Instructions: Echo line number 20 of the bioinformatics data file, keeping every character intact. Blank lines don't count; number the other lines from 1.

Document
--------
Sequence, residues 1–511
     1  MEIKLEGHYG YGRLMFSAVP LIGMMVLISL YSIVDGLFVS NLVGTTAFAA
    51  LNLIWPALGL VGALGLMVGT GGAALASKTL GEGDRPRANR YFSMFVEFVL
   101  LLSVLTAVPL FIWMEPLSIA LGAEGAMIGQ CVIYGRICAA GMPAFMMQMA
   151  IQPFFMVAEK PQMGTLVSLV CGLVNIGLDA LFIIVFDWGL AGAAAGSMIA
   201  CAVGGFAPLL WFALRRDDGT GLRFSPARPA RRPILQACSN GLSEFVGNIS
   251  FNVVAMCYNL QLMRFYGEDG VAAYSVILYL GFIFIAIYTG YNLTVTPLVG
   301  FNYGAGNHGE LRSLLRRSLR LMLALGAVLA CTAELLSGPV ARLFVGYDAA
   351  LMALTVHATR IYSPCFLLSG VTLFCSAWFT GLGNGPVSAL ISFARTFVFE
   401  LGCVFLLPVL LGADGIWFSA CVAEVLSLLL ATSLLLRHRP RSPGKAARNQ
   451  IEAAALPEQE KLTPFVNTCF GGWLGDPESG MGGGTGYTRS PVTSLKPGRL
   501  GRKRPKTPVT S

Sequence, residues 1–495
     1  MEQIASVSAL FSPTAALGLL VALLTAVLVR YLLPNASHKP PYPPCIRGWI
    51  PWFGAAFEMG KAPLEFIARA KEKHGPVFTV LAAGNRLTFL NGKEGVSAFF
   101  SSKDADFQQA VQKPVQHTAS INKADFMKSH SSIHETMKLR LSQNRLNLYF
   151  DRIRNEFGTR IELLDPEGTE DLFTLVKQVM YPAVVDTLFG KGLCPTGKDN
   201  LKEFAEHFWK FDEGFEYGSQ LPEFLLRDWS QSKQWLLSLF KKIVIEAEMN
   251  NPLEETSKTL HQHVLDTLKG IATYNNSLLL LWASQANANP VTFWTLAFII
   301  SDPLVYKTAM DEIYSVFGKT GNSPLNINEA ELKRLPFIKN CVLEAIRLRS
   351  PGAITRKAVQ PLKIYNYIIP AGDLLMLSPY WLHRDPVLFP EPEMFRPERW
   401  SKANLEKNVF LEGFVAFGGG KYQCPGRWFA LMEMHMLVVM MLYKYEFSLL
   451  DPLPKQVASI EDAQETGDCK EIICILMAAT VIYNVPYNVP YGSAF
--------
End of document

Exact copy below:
   301  SDPLVYKTAM DEIYSVFGKT GNSPLNINEA ELKRLPFIKN CVLEAIRLRS